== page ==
MPs from the All-Party Parliamentary Group for Gambling Related Harm (GRH APPG) have directed further criticism at the UK Gambling Commission (UKGC) regarding the collapse of betting exchange Football Index.
Writing a letter to Culture Secretary Oliver Dowden, the group of legislators described the demise of the operator and the losses its customers suffered as a ‘scandal,’ and have cited the case as further evidence of the need for greater gambling reform focused on regulatory and licensee duties.
As reported by the BBC, GRH AAPG Chair Carolyn Harys stated: “This can only be termed a scandal. It underlines the need for wholesale reform of the gambling industry and raises significant questions of the Gambling Commission, given they saw fit to licence this platform and failed to enact adequate oversight.”
Taking over as DCMS’ new undersecretary charged with overseeing the review of the 2005 Gambling Act, John Whittingdale is reported to have held ‘frank discussions’ with the Commission’s leadership regarding the Football Index’s situation.
Whittingdale’s intervention came shortly after the sudden resignation of Neil McArthur, the former CEO of the UKGC, who had held the position for over 15 years.
Football Index’s collapse was primarily the result of an ‘exodus’ of both players and investors, after the operator made the decision to reduce dividends on footballers from 14p to 3p, resulting in countless customers losing thousands – in some cases hundreds of thousands – of pounds in share investments.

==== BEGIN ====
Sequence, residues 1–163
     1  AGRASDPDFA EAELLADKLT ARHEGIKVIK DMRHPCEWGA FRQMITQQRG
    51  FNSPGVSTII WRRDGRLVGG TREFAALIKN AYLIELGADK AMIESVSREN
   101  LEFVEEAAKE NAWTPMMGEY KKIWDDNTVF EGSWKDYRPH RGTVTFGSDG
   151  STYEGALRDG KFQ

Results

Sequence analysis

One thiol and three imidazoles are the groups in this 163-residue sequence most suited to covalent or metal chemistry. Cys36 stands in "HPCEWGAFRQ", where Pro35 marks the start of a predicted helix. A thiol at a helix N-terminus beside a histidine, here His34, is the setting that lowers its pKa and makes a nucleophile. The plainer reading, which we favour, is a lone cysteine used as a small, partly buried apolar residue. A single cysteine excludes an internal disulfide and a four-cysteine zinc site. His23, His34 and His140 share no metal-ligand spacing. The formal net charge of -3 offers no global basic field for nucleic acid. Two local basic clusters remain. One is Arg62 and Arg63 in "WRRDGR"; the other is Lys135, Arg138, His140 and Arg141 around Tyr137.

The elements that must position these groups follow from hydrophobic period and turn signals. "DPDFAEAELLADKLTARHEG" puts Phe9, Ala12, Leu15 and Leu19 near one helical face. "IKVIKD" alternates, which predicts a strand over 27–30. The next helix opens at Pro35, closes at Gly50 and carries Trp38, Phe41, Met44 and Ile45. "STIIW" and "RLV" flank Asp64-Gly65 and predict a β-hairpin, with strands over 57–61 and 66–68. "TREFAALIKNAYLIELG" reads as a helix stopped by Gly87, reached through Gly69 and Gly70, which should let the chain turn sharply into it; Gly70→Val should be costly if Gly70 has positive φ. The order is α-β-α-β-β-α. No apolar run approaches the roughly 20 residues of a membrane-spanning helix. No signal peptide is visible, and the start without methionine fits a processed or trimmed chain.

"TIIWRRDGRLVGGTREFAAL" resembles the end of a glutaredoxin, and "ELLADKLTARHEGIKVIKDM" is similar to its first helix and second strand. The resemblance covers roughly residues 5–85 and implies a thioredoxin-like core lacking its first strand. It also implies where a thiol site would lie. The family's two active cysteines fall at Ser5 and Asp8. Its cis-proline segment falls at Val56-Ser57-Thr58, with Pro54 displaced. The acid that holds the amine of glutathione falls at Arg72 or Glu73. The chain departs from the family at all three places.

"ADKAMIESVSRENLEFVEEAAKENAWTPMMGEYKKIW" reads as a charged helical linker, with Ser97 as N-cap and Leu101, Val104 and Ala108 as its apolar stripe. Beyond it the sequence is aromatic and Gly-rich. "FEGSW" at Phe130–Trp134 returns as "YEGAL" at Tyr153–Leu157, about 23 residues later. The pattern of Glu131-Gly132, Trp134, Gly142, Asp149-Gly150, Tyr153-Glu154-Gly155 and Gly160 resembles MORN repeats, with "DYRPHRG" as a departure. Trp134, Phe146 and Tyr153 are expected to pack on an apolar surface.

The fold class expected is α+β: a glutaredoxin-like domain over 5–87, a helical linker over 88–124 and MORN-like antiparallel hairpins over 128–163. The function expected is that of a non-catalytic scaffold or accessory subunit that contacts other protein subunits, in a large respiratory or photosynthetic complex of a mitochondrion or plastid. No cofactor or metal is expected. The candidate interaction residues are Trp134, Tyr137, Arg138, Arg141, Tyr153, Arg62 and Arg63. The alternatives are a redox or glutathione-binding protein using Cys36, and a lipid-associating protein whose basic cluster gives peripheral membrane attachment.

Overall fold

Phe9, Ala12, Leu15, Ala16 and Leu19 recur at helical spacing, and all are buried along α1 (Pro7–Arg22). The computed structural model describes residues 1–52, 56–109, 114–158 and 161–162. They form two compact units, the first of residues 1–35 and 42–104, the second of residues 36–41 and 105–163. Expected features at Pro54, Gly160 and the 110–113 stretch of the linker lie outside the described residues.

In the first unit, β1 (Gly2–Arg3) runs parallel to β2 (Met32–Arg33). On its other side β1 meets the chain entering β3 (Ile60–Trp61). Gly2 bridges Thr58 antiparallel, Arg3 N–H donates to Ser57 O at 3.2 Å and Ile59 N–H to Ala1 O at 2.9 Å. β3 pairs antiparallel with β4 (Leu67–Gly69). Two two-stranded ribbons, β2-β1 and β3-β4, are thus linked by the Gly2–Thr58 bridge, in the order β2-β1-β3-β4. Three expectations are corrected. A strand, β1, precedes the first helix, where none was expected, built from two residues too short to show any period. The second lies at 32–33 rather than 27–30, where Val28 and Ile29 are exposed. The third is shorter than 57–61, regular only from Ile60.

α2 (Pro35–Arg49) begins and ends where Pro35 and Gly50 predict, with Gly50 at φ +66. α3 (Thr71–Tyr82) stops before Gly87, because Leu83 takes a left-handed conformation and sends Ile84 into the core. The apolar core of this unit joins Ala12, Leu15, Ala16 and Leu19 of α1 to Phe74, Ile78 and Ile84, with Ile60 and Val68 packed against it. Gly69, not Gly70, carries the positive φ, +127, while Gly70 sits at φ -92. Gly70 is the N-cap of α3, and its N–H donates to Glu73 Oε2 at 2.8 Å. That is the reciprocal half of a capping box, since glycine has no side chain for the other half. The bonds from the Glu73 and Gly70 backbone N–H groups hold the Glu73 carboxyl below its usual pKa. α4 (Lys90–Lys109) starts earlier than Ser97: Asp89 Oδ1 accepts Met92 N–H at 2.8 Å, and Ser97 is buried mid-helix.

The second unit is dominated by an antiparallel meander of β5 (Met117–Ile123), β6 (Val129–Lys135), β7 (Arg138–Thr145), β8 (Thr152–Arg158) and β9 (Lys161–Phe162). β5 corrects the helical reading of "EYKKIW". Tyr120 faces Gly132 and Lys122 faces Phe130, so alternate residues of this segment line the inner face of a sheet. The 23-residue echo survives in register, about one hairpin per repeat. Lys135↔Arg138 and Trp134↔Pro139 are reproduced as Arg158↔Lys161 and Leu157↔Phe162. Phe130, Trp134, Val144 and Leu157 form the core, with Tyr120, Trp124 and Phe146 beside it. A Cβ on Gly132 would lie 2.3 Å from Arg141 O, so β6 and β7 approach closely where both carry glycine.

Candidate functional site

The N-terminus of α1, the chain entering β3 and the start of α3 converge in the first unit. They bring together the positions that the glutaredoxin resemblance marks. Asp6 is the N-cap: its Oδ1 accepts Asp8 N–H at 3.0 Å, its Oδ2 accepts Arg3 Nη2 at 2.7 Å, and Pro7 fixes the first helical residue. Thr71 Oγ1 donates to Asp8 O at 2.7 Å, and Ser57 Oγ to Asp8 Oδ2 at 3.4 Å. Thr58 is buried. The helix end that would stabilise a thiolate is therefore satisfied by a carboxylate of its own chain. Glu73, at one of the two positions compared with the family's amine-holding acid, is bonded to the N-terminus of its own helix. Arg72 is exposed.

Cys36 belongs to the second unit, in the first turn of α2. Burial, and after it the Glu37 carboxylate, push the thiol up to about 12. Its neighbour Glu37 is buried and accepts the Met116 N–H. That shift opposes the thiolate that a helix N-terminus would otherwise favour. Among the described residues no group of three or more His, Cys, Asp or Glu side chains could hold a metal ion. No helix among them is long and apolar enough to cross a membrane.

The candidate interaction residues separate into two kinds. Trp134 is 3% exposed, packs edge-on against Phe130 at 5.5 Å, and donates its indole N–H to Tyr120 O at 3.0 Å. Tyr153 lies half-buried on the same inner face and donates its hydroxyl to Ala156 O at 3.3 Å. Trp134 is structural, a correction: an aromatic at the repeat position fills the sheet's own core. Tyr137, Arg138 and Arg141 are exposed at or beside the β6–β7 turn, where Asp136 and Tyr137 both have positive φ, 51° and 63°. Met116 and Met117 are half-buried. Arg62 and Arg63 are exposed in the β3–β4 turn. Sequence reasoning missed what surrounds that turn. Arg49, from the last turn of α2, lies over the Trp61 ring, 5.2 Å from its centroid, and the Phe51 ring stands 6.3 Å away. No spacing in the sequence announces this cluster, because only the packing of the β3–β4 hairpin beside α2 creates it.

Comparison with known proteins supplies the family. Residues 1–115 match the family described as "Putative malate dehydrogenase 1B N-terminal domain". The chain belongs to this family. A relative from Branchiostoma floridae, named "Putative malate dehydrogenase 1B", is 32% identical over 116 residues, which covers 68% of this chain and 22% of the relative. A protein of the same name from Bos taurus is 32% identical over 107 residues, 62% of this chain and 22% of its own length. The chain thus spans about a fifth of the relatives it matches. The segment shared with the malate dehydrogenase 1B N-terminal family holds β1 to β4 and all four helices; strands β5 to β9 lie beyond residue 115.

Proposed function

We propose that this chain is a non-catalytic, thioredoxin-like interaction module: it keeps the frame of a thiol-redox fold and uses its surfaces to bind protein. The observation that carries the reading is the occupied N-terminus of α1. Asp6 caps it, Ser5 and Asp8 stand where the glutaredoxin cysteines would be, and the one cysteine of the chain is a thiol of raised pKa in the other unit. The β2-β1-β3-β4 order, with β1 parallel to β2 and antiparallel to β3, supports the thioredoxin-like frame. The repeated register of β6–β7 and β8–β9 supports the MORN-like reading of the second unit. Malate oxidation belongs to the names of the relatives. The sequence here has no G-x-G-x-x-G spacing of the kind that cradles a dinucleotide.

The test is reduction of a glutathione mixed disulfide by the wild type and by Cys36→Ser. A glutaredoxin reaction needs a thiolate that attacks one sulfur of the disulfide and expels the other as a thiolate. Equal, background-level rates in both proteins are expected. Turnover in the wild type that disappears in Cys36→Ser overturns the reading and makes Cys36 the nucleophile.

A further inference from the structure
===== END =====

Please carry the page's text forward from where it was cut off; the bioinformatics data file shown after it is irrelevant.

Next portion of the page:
BetIndex, the operator behind Football Index, subsequently suspended all trades on its platform and entered administration, whilst its gaming license was suspended by the UKGC, in a move criticised as being far too late. The firm’s membership of the Betting and Gaming Council (BGC) was also suspended by the standards organisation.
Marketing Football Index as a trading platform, BetIndex has faced prior criticism from the Advertising Standards Agency (ASA), as it was not recognised by the Financial Conduct Authority (FCA).
Despite its own financial and regulatory troubles, BetIndex remains hopeful that the brand could ‘be recused as a going concern,’ stating: “Our priority is to safeguard the interests of our customers and to seek the best outcome for our community with the goal of continuing the platform in a restructured form.”
In addition to the parliamentary response, a group of bettors affected by the downfall of Football Index have also begun to prepare for legal action, enlisting law firm Leigh Day.
“Football Index ended up in a situation where they needed new customers to honour the dividend payments to existing users,” remarked Matt Zarib-Cousin, a member of the Clean Up Gambling campaign and a former spokesperson to Jeremy Corbyn, who is cooperating with Leigh Day and Football Index traders.
“It was a business run in an entirely unsustainable way, which people do not expect of a licensed operator in a regulated sector. The Gambling Commission has been asleep at the wheel.”
According to Leigh Day partner Nicola Marshal, scrutiny of the UKGC will take a central role in the firm’s legal challenge on behalf of Football Index customers, many of whom lost thousands due to the dividend drop.
“Whilst it is very early days in our investigations on behalf of the thousands of people who have lost money, there are serious questions which will need answering regarding what has happened at Football Index and what the Gambling Commission understood of Football Index’s activities,” Marshal commented.
The situation appears to mirror the collapse of Addison Global’s MoPlay in February of last year, which also saw its operator licence suspended, halting customer withdrawals as a result.
The Commission’s regulatory oversight of MoPlay’s licence suspension and insolvency proceedings would be criticised, as Addison Global the operating company was allowed to MoPlay’s player database to competitors, in breach of consumer right protections.
However, in stark contrast to the situation regarding MoPlay and other licensee fallouts, the UKGC has borne the brunt of criticism from various observers, including legislators, reform advocates and customers on social media.